“Test Flight”, Jo Jaquinta (Traveller Chronicle #8). By its eighth issue, Traveller Chronicle was a slick, full-sized magazine, and the quality of its content had increased correspondingly. Thus we got “Test Flight”, the story of an early space flight of an atmospheric ship of some sort.

Technically, the writing is pretty good. However, it doesn’t really gel as a whole. It’s all dialogue, which doesn’t end up really describing the action (or the circumstances) of the story. There’s also a lot of flippancy that doesn’t feel authentic. Finally, the situation is so entirely uninteresting that I don’t know why the story was written. I give it a Style of “2” and a Substance of “1”.

Applicability. If this story is set in the Traveller universe, it’s too subtle for me. The ship doesn’t have grav compensators, which most Traveller ships would. Since it mentions “January”, I suppose this could be an early story of Terran exploration, but then so could a lot of other science-fiction that’s not Traveller. This vapid story isn’t really worth digging up.

“An Offer You Can't Refuse …”, Mark Urbin (Traveller Chronicle #12). The last standalone piece of fiction in Traveller Chronicle was another short little snippet, this time a two-page piece by Mark Urbin. It tells the story of Garek Sung of the March Hare accepting his position on that ship shortly after the end of the Fifth Frontier War.

It’s another high-brow piece, like “Test Flight” was intended to be. Again, I’d say that the writing is all technically quite good. Urbin gives us a first-person point of view and tries hard to make it obvious that his character is someone with a long history. If anything, he overdoes it, so that in two short pages we’re deluged with a constant stream of old history, some of which makes sense, some of which doesn’t.

After he takes the job, Sung learns a little about the people hiring him ... and then the story abruptly stops. I looked around a bit to make sure there was no continuation. Apparently, I just didn’t get it, because nothing in the story gave me any closure ... but then barely anything happened either. I give it a Style of “3” and a Substance of “1”.

Applicability. Urbin certainly uses tons of Traveller buzz words in this piece, like Regina, Imperial Navy, Vargr, and Bwap. However, they all feel totally flat; there’s nothing behind them, and they probably won’t make any sense unless you’re already familiar with Traveller, which is pretty much how I’d describe the whole story (and maybe the problem with the story is that I’m just not familiar enough with something in the Traveller universe to “get it”). In any case, repetition of buzzwords doesn’t do a lot to help me get into the feel of a universe, thus this is another story that doesn’t help out Traveller GMs much, in my opinion.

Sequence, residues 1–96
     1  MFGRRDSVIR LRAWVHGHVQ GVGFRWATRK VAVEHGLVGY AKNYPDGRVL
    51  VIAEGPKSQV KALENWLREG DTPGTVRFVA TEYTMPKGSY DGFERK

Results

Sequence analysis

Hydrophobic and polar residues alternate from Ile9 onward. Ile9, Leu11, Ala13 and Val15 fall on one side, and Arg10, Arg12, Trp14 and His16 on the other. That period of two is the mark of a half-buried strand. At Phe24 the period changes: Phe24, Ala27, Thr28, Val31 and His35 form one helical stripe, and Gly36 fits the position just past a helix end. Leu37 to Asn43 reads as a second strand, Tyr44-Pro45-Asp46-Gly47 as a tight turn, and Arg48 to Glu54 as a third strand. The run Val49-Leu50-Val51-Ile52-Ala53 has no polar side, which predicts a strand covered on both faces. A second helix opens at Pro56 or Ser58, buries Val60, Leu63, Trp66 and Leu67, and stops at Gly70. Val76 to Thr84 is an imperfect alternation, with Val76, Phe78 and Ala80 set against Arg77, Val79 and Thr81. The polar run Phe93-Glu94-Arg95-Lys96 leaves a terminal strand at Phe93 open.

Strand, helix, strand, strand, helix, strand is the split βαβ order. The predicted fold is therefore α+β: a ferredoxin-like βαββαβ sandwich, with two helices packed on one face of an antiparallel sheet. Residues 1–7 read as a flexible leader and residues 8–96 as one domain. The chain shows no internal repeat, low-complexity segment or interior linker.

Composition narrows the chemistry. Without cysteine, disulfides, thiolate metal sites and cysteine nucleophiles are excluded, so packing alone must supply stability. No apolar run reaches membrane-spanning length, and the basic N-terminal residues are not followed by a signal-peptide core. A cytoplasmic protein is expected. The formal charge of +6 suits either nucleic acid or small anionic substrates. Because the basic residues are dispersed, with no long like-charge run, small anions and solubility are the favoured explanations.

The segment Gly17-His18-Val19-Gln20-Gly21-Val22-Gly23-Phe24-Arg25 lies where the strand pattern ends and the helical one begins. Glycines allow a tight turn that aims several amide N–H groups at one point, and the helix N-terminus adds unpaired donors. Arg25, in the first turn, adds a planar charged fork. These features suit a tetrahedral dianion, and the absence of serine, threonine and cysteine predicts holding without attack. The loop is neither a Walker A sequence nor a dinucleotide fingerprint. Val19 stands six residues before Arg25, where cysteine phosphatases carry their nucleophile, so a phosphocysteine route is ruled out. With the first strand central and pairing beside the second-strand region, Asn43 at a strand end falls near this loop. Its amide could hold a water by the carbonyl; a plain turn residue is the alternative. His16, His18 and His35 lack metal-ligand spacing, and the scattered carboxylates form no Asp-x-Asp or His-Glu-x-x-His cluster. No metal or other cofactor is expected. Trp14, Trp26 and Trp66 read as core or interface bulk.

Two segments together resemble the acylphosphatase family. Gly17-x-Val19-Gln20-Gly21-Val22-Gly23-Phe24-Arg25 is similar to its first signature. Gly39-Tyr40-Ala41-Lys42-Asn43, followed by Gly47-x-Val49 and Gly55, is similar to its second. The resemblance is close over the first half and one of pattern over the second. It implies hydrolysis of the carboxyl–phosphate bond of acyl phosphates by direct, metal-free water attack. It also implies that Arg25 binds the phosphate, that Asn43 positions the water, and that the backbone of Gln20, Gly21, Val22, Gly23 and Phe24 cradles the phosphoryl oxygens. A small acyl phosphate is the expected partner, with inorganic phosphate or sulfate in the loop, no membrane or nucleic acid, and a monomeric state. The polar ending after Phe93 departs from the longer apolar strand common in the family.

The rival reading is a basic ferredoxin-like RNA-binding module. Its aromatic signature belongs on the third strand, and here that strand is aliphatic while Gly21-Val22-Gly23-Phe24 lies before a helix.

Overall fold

Summary Thoughts on The Stories

Having read through my reviews of the individual stories, you can probably already see that I’m not particularly impressed by them. They generally aren’t good stories, and I don’t think they’re worth the time to read (though at least the latter two are so short that they’re mostly harmless). The writing fluctuates from poor in the first stories to overwritten in the last ones; none of the content is particularly notable. Thus I’ve given the short fiction of Traveller Chronicle a “2” for Style and a “1” for Substance.

Note that I didn’t include A Long Way Home in this rating. That’s a New Era novel that had 16 chapters serialized in Traveller Chronicle #11-13 and was later published in its complete 34-chapter form by Avenger Enterprises and Comstar in 2007. I’ll be covering that longer work in a separate review.

Availability Notes

Traveller Chronicle is one of the more difficult Traveller magazines to collect. It just doesn’t show up a lot and the early issues are particularly rare. (For some reason, issue #3, one of the two I’m missing, seems to be the rarest.) I’ve thus seen early issues go for $50-$100 and later issues for $15-30.

From my comments here, it should be no surprise to you when I say that I don’t think the magazine is worth picking up for the five pieces of fiction reviewed herein. However, there was other good stuff in the magazine, including descriptions of a few different sectors (such as Far Frontiers and Diaspora) by some of the original authors (e.g., Dale L. Kemper and Charles E. Gannon). There’s also some nice material on Earth during the New Era in later issues. Take a look at RPGnet’s listing of Traveller Chronicle contents to see if there’s anything else that might interest you.


Traveller Chronicle was the first mainstream magazine to publish any notable amount of Traveller fiction; unfortunately its short fiction wasn’t very good.